I was pretty happy to leave Viña del Mar this morning. I didn’t have the best experience there, and I thought that La Serena would be a better destination for a couple days. No one at my hotel seemed to know how long the bus ride from Viña del Mar to La Serena was, but most people seemed to think 5-6 hours. That was doable, especially with the large reclining seat that I paid for. (Too bad the seat was unable to recline.) I boarded the bus to La Serena at around 10:30, and was not in the least surprised to find that the man sitting next to me was a grouch. I think we shared all of two words between us: the “Buenos dias” I said when he sat down. But that was fine. Sometimes it’s better to travel in your own personal bubble.
The ride ended up taking six and a half hours. The scenery was excellent – not stunning, but really interesting – as we passed through green valleys with rivers cutting through them, then coastal areas with rocky outcroppings offshore, and finally a very dry but rolling region that reminded me in some ways of desert Texas or Arizona.
I only brought a banana with me for food, but I was told we’d stop somewhere for lunch and I wasn’t worried. I think it was at around 2 or 3 p.m. that we finally came to a tourist stop and I bought a seafood empanada for about $3.
Before this, however, an older man boarded the bus during a brief highway stop, and he walked down the aisle with a basket of pastries and sandwiches for sale. He sold about eight of them to a woman in my row, but when I motioned to him he looked at me and picked up his basket and hurried back to the other end of the bus. This is pretty normal here for me, and I’m getting used to it. Sort of.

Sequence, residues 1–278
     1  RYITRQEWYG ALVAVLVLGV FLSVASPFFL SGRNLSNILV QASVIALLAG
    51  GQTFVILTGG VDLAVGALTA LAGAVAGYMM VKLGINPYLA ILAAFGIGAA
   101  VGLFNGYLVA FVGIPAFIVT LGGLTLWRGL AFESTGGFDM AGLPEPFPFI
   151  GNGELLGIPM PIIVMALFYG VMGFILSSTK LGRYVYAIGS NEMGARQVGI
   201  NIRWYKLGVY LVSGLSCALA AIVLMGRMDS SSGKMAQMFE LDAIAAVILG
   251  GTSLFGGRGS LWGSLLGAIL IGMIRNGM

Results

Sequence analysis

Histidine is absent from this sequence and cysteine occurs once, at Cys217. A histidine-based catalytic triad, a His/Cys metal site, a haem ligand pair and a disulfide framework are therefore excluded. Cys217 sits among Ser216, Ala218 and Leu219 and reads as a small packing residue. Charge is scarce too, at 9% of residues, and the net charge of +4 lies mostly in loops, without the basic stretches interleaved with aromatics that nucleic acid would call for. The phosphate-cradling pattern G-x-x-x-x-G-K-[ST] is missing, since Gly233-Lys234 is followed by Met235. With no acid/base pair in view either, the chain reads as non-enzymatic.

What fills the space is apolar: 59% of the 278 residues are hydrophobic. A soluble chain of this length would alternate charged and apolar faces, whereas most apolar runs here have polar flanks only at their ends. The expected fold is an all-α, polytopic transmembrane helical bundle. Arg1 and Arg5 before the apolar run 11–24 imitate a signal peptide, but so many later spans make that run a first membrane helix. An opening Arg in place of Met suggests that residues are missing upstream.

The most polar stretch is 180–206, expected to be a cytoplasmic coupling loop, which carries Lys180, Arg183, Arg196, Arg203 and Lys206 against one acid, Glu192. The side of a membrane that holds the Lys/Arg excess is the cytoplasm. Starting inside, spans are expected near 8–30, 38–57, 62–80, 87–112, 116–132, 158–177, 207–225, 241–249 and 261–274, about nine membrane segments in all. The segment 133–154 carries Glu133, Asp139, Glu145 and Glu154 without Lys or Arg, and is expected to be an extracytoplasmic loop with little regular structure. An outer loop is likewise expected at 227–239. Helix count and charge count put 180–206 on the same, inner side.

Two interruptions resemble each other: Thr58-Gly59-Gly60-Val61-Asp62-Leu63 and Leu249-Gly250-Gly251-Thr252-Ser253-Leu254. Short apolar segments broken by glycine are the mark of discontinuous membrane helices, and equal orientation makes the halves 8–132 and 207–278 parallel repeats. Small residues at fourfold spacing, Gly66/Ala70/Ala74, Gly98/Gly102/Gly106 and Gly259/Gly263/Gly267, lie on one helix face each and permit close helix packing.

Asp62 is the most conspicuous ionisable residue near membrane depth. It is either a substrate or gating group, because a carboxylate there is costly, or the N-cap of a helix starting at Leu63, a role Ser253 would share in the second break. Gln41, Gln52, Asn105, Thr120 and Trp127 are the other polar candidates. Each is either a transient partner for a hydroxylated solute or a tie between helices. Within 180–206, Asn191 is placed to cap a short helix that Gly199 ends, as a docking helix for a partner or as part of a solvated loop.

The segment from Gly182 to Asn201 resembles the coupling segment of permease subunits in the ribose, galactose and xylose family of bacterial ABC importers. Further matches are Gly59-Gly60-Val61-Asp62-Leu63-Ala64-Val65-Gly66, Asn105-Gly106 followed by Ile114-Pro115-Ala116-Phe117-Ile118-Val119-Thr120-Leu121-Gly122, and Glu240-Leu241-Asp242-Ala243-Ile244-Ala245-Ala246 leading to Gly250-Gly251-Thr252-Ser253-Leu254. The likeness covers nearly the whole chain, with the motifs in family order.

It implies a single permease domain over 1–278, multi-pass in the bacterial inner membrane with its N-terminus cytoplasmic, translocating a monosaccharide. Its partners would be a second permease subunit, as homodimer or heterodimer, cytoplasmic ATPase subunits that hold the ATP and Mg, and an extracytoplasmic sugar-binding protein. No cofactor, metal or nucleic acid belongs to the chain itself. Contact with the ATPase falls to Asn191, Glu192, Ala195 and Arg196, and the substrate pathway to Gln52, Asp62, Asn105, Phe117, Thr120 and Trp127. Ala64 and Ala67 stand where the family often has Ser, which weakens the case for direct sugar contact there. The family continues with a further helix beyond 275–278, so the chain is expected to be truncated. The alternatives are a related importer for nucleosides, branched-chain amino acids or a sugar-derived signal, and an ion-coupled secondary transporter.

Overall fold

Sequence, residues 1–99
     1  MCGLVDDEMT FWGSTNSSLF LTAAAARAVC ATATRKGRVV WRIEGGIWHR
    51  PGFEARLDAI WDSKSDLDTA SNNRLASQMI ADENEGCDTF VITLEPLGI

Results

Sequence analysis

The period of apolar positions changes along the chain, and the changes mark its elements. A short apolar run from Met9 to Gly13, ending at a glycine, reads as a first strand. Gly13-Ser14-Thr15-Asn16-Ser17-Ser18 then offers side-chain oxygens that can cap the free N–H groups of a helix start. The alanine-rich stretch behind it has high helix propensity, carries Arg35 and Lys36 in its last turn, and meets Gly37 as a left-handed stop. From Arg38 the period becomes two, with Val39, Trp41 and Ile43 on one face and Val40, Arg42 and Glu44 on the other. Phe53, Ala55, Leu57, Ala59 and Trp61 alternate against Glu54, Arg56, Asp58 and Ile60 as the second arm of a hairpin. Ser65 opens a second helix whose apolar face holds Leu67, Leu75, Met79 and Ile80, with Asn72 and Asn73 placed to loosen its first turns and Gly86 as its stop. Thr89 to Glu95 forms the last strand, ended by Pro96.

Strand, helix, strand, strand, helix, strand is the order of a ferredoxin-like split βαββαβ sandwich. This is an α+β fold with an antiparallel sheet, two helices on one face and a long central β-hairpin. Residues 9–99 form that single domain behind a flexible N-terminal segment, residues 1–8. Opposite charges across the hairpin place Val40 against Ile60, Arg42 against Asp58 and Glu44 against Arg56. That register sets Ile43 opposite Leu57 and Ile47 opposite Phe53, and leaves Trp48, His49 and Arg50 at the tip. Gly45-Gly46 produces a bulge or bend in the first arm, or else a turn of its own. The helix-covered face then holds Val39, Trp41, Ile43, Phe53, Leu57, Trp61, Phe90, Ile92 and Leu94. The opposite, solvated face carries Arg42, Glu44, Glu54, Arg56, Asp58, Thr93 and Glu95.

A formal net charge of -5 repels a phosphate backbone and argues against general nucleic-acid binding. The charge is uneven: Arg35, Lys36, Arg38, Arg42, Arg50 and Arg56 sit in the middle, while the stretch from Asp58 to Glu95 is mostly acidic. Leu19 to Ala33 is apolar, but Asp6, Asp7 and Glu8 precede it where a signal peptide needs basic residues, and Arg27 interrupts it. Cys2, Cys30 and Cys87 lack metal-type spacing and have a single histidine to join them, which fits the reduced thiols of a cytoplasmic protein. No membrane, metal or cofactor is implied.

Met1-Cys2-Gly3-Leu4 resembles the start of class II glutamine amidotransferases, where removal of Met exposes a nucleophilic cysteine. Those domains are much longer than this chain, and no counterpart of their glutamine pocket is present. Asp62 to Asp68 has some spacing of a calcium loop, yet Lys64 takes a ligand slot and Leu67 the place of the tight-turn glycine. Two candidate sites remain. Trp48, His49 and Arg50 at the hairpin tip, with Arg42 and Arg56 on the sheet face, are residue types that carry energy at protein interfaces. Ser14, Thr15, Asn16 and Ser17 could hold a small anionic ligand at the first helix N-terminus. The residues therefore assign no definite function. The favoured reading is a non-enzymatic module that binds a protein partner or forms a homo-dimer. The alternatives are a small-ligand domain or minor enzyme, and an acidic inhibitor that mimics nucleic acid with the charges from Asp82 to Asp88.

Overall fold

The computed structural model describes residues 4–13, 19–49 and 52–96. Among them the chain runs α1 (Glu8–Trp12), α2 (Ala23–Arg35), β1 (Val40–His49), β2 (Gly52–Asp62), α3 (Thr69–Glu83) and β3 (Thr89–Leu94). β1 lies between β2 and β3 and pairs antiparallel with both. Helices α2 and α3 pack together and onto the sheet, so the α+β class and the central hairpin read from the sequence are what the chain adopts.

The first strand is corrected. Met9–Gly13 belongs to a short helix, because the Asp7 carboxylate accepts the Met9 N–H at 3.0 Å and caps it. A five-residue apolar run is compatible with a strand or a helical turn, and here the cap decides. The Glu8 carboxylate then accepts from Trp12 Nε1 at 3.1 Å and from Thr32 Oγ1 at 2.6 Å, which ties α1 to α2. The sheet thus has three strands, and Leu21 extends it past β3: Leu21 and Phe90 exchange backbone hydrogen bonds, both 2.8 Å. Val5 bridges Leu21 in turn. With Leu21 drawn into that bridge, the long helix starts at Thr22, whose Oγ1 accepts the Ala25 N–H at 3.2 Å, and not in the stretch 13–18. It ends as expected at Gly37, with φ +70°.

By the time we arrived in La Serena it was a little after 5 p.m. I got a taxi for the three-block drive to the hostel I’d arranged -- Hostal Maria Casa, which Lonely Planet recommends (if you come to La Serena, please don't stay there) -- but the owner had given away my room half an hour earlier. Why? I have no idea. Instead of apologizing, he told me to follow his girlfriend to another hostel he wanted me to stay at – he wouldn’t let me use the hostel’s phone to see if there were vacancies anywhere else – so I grabbed my luggage and followed his girlfriend for about four blocks. She dropped me off and hurried away – probably because she knew I wasn’t about to stay in such a pit as that. I thanked the owner of the second hostel for showing me the different rooms, then I consulted my guidebook map and walked about ten more blocks to look for other places. The first two places I tried were also fully booked, but luckily the third place I tried had a room for one night. Unfortunately, the door lock was broken, but if I didn’t mind that I could have it. I said sure. I was too sweaty and tired to say no.
It looked very “local” from the outside, and when I stepped inside I actually liked the gritty look of the place. I could have done without the balloons and streamers, but hey, it’s their restaurant and if they want balloons and streamers I’m fine with that.
I ended up ordering a small mixed salad (it came with lettuce, cabbage, beets, cauliflower, cucumber, tomatoes, and avocado) and a tabla de ave (roasted chicken with fried green pepper and onions, piled on top of what must have been a full kilo of French fries). I also ordered a Cristol beer.